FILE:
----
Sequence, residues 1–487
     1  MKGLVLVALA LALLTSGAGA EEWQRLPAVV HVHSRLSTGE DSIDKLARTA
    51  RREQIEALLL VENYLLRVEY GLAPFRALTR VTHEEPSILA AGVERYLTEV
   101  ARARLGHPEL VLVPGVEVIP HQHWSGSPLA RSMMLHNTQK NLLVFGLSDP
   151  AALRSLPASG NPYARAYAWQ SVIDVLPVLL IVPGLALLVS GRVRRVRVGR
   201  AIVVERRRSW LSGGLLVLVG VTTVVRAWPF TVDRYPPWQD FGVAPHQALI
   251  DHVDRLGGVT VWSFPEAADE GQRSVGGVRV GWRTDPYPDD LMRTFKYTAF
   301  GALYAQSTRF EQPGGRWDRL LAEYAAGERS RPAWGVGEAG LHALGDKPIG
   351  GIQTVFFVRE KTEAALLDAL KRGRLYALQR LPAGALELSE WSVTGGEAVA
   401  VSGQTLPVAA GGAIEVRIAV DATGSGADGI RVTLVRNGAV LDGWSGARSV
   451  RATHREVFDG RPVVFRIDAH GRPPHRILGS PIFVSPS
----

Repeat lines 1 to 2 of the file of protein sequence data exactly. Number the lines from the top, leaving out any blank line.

Sequence, residues 1–487
     1  MKGLVLVALA LALLTSGAGA EEWQRLPAVV HVHSRLSTGE DSIDKLARTA